Chancroid is a bacterial STD (sexually transmitted infection) which is extremely rare in Western countries. In the UK, only one in approximately two million people is infected with chancroid. When chancroid infections do occur, they usually affect people who have been involved in prostitution or heavy drug use, or have had sex while abroad in a developing country. This is because chancroid is more common in developing and especially tropical countries. People who travel to such countries and engage in unsafe sexual activity there, particularly with sex-industry workers, are increasing their risk of being exposed to this very unpleasant disease.
Chancroid is spread through sexual contact with a person infected with the disease, usually via a cut or scratch or open wound of some kind. Symptoms of chancroid will begin showing within one day to two weeks of the sexual contact. At first, one or more small bumps may form on the skin in the genital area. These bumps will then develop into painful open sores or ulcers. A chancroid ulcer can measure anything from three to 50 millimetres across. It will typically be painful and bleed easily. It may be grey or yellowish-grey in colour and have irregular edges. A chancroid sore could be mistaken for a chancre ulcer, which develops on the genitals in the early stages of syphilis. Chancre sores, however, are usually painless, whereas chancroid sores usually hurt quite a lot.
Women are less likely to contract chancroid than men. (An uncircumcised man has a three times greater risk than a circumcised man of contracting chancroid from an infected person.) When a woman is infected, she will typically develop ulcers on her outer genital lips (the labia majora). Chancroid ulcers which develop on opposing sides of the labia majora are known as ‘kissing ulcers'. Chancroid sores can also develop on the inner genital lips (the labia minora), the perineal area and the inner thighs. The women may experience pain when urinating and having sexual intercourse.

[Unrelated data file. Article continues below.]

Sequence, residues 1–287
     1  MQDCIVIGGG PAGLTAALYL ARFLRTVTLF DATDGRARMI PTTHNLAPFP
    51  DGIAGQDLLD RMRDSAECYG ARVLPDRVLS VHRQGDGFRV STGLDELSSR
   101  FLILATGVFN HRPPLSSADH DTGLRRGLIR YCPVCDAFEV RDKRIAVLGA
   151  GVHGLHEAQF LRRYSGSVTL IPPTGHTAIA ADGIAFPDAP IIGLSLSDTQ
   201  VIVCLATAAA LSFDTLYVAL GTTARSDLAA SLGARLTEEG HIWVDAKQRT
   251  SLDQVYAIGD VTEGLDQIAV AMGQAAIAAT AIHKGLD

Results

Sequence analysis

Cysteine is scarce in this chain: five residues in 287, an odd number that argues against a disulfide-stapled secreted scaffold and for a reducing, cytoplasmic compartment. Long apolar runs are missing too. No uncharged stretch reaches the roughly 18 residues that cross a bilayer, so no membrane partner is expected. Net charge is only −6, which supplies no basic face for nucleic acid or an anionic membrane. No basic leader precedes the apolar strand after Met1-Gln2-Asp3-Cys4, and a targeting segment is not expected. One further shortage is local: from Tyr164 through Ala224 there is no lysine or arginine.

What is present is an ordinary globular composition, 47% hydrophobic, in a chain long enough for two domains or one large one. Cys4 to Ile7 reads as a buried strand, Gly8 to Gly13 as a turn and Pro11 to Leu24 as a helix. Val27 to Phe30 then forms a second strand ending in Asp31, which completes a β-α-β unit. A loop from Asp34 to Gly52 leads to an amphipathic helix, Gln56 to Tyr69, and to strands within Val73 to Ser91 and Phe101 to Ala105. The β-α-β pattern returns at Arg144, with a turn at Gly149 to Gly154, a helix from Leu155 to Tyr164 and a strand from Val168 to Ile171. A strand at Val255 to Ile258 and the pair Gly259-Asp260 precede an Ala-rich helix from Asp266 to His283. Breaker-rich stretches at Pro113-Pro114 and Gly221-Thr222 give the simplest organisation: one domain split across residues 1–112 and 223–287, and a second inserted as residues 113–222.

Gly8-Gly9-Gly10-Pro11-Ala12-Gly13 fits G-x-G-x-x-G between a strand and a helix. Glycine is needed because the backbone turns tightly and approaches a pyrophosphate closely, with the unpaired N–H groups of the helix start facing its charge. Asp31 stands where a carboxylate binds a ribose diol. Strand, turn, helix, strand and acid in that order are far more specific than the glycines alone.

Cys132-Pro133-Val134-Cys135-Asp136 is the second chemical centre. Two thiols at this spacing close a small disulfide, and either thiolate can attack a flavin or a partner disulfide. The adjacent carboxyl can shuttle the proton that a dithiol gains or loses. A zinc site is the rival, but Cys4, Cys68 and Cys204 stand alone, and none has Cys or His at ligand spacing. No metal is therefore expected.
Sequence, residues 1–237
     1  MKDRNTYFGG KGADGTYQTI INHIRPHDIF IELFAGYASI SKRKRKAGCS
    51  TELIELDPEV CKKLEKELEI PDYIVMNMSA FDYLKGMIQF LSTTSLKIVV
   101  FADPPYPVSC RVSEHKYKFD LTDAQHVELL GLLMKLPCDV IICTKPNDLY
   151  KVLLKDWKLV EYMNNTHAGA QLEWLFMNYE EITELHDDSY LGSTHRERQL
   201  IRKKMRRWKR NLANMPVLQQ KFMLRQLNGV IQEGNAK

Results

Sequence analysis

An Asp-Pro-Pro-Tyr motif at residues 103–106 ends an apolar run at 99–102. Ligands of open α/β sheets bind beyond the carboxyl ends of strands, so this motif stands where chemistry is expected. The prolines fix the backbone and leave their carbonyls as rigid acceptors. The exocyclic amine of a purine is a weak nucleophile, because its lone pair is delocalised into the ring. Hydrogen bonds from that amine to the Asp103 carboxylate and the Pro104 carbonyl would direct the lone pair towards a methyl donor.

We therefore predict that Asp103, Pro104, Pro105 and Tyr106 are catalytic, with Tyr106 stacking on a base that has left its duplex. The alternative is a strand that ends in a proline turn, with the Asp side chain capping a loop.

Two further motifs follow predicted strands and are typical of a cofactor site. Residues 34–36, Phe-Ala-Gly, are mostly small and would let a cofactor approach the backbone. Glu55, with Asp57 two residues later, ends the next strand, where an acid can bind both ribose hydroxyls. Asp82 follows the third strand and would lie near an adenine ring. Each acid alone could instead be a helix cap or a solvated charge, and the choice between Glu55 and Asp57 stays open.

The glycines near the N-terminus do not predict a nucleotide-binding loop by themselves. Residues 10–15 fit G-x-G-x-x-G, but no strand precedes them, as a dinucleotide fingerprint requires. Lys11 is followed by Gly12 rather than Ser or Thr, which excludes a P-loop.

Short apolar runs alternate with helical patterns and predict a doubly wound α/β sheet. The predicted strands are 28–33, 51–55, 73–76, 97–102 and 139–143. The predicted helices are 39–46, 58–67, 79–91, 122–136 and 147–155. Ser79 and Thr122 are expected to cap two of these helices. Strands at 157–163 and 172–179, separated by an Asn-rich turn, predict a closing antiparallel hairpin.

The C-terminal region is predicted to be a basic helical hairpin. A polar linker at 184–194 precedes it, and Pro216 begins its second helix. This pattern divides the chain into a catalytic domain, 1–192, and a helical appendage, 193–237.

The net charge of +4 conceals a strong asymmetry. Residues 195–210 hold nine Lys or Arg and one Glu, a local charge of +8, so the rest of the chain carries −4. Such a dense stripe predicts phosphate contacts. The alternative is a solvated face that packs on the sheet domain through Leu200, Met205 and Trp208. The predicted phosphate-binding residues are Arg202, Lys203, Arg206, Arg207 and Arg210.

Men And Women
Men and women who have been infected with chancroid may develop inflamed lymph nodes in the groin. If the condition is left untreated, the lymph nodes may rupture and burst through the skin. If you are experiencing any of these symptoms or similar signs of sexual infection, you must go to your doctor for testing immediately. If you are diagnosed with a STD, you will be advised to contact all previous sexual partners and inform them of your diagnosis and that they should go for testing.
Chancroid can be successfully treated with antibiotics such as azithromycin, ceftriaxone and erythromycin. Once treatment with antibiotics begins, the sores typically clear up within two weeks.
A person who has chancroid is infectious while they have open sores. Having one chancroid infection does not make the sufferer immune from having another.
The best way to protect yourself against chancroid is to avoid having risky sex, be it at home or abroad, and to avoid having sex with someone else whom you suspect may have engaged in unsafe sexual practices. Other than that - use condoms. Wash your genitals after sexual contact to remove bacteria and limit your number of sexual partners.
Doctors have been working to develop a vaccine against chancroid and initial tests on pigs have so far produced promising results. Experts believe that a vaccine against chancroid could reduce the number of HIV infections in countries such as Africa, because being infected with chancroid increases a person's chances of contracting HIV when he or she has sex with a person infected with the virus.